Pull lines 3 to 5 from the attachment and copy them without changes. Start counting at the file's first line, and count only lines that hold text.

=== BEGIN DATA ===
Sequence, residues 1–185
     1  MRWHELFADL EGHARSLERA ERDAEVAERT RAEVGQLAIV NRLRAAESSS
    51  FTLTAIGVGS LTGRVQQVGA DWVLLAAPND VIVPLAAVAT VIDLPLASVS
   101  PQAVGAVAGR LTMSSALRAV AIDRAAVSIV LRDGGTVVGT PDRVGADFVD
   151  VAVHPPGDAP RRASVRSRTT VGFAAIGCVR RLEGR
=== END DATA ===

    51  FTLTAIGVGS LTGRVQQVGA DWVLLAAPND VIVPLAAVAT VIDLPLASVS
   101  PQAVGAVAGR LTMSSALRAV AIDRAAVSIV LRDGGTVVGT PDRVGADFVD
   151  VAVHPPGDAP RRASVRSRTT VGFAAIGCVR RLEGR